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In the modern world, machine learning has become an essential aspect of success both in business and research. It has an algorithm that automates every business process. In this article, we will learn about Machine Learning and we will explore different algorithms, applications, and usage of Python programming language.

For beginners, First, let’s begin with the theoretical background of Machine Learning. Machine learning is not new in computing. Instead, it is one of the fastest technology that evolves over time. In 1943, Neural networks were first introduced by mathematician Walter Pitts and Neurophysiologist Warren McCulloh. After that, in 1958, Perceptron was created as the first Artificial Neural Network. It was created by Frank Rosenblatt to recognize patterns and shapes.

Fast forward, so finally, in the 21st century with the leadership of big players such as Google, Amazon, Facebook, and others. There are more and more algorithms, research and development in this field. Thus, this encourages more and more innovation and invention in the field of computing.

 

Machine Learning in the programming world
©Photo by Pete Linforth from Pixabay

What is Machine Learning?

Machine learning is one of the hot topics in Artificial Intelligence where it provides computers the competence to learn without being explicitly programmed. It also has an algorithm that allows applications to have more accurate results. In addition, in predicting outcomes, it provides accurate results without being obviously programmed. Machine learning usually builds algorithms that have input data and it uses statistical analysis. It is used to predict an outcome while updating outputs as new data.  Methods involved in machine learning are related to data mining and predictive modeling. The process requires searching data to find patterns and regulating actions accordingly.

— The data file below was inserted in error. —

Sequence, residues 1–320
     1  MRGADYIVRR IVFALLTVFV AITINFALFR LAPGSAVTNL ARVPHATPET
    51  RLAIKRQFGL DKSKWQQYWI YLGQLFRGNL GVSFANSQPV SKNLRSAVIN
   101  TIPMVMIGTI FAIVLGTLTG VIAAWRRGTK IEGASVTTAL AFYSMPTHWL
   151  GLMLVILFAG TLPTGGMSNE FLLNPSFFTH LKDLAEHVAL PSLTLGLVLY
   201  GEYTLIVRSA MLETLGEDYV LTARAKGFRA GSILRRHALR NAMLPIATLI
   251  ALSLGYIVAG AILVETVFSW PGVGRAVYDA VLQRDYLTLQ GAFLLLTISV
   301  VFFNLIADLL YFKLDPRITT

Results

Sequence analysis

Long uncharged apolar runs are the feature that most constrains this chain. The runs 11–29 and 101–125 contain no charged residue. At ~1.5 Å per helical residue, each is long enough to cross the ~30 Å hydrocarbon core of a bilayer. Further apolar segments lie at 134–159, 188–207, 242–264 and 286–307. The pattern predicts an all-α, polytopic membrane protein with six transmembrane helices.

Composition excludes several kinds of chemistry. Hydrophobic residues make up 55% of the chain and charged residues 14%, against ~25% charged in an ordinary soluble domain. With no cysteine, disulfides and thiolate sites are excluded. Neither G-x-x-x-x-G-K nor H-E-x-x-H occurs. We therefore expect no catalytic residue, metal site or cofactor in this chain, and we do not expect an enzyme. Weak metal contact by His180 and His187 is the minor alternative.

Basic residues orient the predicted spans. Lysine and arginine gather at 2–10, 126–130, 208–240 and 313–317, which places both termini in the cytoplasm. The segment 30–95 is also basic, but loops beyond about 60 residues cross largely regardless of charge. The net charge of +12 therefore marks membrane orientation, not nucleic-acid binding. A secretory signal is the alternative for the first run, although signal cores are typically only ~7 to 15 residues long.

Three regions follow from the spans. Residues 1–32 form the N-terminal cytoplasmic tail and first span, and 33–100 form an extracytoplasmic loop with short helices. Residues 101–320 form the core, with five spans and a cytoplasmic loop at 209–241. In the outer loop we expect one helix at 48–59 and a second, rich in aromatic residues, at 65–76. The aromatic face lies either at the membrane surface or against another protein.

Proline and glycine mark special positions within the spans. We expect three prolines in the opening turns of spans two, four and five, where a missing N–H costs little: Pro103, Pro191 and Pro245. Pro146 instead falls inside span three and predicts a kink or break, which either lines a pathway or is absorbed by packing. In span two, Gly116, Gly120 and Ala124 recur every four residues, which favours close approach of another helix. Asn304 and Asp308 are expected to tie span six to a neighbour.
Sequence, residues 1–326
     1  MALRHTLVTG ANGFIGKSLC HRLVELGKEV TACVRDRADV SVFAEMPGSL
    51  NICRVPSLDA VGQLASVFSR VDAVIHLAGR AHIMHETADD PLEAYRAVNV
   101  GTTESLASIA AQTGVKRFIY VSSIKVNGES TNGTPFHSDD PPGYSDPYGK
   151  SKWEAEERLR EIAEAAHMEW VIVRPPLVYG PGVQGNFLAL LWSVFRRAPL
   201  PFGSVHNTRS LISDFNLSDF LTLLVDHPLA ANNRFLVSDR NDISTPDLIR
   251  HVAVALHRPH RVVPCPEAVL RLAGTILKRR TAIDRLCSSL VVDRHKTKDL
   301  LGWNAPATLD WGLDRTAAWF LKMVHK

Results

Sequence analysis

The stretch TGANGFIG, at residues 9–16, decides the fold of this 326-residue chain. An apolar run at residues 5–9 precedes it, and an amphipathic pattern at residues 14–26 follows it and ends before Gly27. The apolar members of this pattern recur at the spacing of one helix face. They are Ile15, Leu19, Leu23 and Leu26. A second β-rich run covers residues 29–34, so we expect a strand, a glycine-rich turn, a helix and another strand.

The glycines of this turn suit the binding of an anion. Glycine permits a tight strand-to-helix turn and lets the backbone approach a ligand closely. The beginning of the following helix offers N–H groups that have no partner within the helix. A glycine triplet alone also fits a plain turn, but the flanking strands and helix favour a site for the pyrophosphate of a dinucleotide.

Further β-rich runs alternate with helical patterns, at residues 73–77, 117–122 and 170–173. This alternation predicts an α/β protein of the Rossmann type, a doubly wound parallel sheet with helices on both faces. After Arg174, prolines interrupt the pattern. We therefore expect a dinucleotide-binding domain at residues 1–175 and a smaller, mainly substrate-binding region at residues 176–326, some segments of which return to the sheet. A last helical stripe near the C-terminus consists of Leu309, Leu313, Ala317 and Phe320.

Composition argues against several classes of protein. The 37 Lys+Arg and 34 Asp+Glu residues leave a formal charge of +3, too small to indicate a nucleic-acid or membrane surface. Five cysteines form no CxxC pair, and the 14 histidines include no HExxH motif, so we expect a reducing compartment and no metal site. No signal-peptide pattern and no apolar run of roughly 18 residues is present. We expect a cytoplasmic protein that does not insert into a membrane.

One great example is when you’re using your social media accounts where it learns your browsing experience. You can notice this through the ads it appears on your account. Recommendation engines use machine learning to personalize online ads in real-time aspects. Aside from search engine recommendation, machine learning also uses for spam filtering, network detection threat and predictive maintenance. 

 

What are the Algorithms in Machine Learning?

Talking about an algorithm, Machine learning has a lot of algorithms to explore.

 

These algorithms categorize into groups:

  • Supervised Learning
  • Unsupervised Learning
  • Semi-supervised Learning
  • Reinforcement Learning

When we talked about Supervised Learning, this means that the computer has the ability to recognize data based on the provided samples. A computer learns and improves the ability to understand new data based on the original data.

 

Algorithms under supervised learning include the following:

  • Linear Regression
  • Support-vector Machine(SVM)
  • Decision Trees
  • Naïve Bayes classifier
  • K-Nearest Neighbor

Unsupervised Learning works in a way that a computer program trains with unlabeled data. The machine is the one to determine the relationship between input data and other relevant data. This indicates that the computer itself looks for patterns and relationships between the data sets. In this area of machine learning, this is very useful in pattern detection and descriptive modeling. When in cases where a human doesn’t have an idea what to look for in the data set. This algorithm doesn’t determine the right output but it explores the data. After, it can categorize inferences from datasets to describe hidden data from unlabeled data.

 

Under supervised learning are the following algorithms:

  • K-means Clustering
  • Association Rules

Due to the limitations of both supervised and unsupervised learning, Semi-supervised learning has found its way to these limitations. In other words, semi-supervised Learning descends from both supervised and unsupervised learning. For some instances, labeling data might cost high since it needs the skills of the experts. Therefore, semi-supervised learning can use as unlabeled data for training. Usually, this type of machine learning involves a small amount of labeled data and it has a large amount of unlabeled data.